Colorado Democratic Congressman Jared Polis Wednesday lauded the decision of U.S. District Judge Susan Bolton to block sections of Arizona’s controversial immigration law, S.B. 1070, which will go into effect Thursday. Polis said the ruling “protected the Constitution” but he also hailed it for spotlighting the pressing need for a federal solution to the national illegal immigration problem, which has festered for decades and become a source of intolerance and demagoguery.
“With today’s injunction against the Arizona law, it is now more clear than ever that immigration is a federal responsibility,” Polis wrote in a release. “I applaud Judge Bolton and the Obama administration for defending our constitution. The people of Arizona and our country demand that Congress take action to replace our broken immigration system with one that works. This judgment underscores the need for Congressional action. Democrats and Republicans need to quit playing politics with this issue; it’s too important.”
Polis, for one, has committed more than words to the effort. He has made the issue a centerpiece of his efforts in Washington from the time he took office in 2008. He is now a member of the House Judiciary panel that is likely to lead on immigration legislation, which the Arizona law may force to the floor despite election-year campaign calculations and the political hangover from the healthcare-reform war.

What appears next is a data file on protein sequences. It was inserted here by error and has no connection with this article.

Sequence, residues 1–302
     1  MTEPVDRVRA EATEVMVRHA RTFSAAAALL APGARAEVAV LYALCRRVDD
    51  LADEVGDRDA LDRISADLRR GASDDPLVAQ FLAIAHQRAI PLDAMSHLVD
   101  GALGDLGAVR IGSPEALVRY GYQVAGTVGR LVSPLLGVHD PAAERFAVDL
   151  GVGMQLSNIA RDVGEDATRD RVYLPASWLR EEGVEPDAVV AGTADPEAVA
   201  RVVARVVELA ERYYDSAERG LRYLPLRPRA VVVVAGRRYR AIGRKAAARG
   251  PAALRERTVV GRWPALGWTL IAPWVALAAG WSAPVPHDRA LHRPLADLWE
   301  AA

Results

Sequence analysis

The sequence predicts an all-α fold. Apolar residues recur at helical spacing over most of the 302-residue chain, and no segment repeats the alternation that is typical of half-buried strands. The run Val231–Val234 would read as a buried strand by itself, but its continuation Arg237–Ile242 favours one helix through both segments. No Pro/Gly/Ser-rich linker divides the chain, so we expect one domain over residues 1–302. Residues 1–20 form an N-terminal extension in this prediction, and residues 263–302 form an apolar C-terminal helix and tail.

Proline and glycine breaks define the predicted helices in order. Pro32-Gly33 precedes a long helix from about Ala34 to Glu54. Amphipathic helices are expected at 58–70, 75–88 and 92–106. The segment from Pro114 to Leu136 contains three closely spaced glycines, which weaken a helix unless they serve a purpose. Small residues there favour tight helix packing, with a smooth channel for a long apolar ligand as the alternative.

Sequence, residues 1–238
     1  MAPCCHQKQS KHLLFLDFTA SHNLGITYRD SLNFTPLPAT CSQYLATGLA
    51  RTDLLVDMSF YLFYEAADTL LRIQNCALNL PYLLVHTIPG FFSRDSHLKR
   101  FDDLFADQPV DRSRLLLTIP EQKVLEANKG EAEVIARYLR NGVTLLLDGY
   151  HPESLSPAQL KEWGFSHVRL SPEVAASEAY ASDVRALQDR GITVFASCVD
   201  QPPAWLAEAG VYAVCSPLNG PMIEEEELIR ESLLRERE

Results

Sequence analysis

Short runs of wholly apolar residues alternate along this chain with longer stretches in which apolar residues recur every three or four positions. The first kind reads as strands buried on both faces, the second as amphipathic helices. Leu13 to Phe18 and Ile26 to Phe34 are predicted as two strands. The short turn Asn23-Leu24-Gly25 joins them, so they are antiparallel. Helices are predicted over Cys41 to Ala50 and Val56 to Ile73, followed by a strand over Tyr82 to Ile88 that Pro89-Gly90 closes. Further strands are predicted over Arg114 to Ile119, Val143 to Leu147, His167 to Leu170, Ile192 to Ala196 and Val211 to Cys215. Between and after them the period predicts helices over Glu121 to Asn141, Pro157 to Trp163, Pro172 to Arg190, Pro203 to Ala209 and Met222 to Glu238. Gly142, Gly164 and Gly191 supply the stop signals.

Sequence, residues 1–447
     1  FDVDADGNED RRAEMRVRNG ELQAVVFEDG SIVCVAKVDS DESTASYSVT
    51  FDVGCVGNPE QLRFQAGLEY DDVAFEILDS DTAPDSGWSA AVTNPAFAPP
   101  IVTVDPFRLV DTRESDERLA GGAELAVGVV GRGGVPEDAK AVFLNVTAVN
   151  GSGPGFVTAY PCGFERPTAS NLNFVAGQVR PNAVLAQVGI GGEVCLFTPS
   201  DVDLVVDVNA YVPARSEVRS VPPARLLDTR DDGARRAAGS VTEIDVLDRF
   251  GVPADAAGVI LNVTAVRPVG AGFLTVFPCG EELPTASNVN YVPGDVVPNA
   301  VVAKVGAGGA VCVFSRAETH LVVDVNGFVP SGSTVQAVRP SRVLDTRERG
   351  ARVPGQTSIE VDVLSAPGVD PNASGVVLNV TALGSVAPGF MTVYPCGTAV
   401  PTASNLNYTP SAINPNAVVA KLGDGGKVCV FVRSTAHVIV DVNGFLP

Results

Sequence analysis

Polis today argued, as he has done in the past, that now is exactly the right time for immigration reform, as state lawmakers feel increasing pressure to take up local legislative solutions that won’t solve the problem and may well make matters worse.
The Obama administration sued Arizona over SB 1070, seeing it as an overreaction to borderland crime and a recession economy that puts the onus on local police to enforce immigration laws, a move that may well strain community relations, exacerbate racial profiling and violate rights. The justice department argues SB 1070 tramples on federal laws already on the books, which makes it illegal. In her ruling today, Bolton agreed.
Last October, Polis railed against a federal program known as 287(g), which granted broad immigration enforcement powers to local law enforcement agencies. He said the program had resulted in “sweeps of terror.” His comments effectively previewed much of the complaints about SB 1070.
“287(g) scares victims and witnesses of crimes to avoid contacting police for fear of being mistreated. It invites exploitation by [criminals] who know that they won’t be reported [by Latino victims] to police, because the law combines contradictory duties into the same police force,” he said.